George Hunka on King Lear
Monday 15th November 2010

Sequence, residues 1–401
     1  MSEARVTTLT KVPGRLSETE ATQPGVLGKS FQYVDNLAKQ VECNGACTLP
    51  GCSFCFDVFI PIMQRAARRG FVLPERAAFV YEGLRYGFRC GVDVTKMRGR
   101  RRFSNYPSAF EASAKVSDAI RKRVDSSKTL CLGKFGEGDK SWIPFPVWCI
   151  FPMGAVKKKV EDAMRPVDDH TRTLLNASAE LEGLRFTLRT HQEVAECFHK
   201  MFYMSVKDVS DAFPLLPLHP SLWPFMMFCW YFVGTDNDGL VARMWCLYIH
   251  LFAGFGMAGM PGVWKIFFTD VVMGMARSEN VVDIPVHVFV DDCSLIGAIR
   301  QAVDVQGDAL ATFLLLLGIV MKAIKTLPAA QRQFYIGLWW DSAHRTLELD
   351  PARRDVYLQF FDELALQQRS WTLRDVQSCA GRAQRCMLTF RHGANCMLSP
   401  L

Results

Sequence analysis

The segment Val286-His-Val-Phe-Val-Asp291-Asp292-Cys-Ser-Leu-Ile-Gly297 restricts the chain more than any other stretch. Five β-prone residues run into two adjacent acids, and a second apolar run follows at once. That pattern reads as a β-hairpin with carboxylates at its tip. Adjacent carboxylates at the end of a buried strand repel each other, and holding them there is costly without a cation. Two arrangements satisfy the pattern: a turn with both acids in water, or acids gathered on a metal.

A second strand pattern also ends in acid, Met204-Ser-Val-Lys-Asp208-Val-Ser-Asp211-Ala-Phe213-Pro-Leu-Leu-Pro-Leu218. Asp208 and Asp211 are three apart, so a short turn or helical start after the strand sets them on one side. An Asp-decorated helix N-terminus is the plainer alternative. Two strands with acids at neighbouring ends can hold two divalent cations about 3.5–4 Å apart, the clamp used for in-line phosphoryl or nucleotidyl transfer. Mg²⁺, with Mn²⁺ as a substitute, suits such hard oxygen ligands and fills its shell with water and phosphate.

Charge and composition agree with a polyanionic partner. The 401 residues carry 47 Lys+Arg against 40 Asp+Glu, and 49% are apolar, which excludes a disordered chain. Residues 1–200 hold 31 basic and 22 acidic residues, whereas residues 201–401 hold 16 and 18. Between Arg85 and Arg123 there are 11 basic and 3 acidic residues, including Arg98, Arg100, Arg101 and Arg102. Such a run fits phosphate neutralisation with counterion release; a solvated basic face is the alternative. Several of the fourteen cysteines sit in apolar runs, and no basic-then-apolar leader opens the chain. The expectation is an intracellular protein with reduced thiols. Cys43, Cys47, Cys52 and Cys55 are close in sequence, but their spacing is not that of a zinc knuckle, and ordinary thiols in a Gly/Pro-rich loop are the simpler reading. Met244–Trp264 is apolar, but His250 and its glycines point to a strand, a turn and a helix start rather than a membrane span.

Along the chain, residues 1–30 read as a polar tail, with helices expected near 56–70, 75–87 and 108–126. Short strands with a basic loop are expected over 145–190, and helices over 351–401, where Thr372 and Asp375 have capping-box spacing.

A fascinating blog by George Hunka summarises some thoughts about Shakespeare’s King Lear. Quoting Stanley Wells’s introduction to the Oxford edition of the play, he emphasises how unusual this work (which we now know so well) must have been for its first audience: “To its early audiences, the language of King Lear must have seemed very strange, as original in its day as that of James Joyce or Dylan Thomas in theirs. The commentary to this edition notes over a hundred words or compounds which either represent or predate OED’s first recorded use (absolutely or in this sense), and though this is not entirely reliable it gives some idea of the innovativeness of the play’s vocabulary.” Thinking about such innovation, and looking at the myriad examples of rather simple word use in the dialogues of many modern plays, you can’t help thinking: if King Lear had been submitted to a new writing theatre in Britain today the literary manager would probably have rejected it. Yes, um, you can imagine them thinking, very innovative, very fancy, but surely that ending is a bit too sudden, too brutal. Doesn’t make sense; not lifelike. And the audience won’t really understand all this philosophy, and what they don’t understand they won’t like!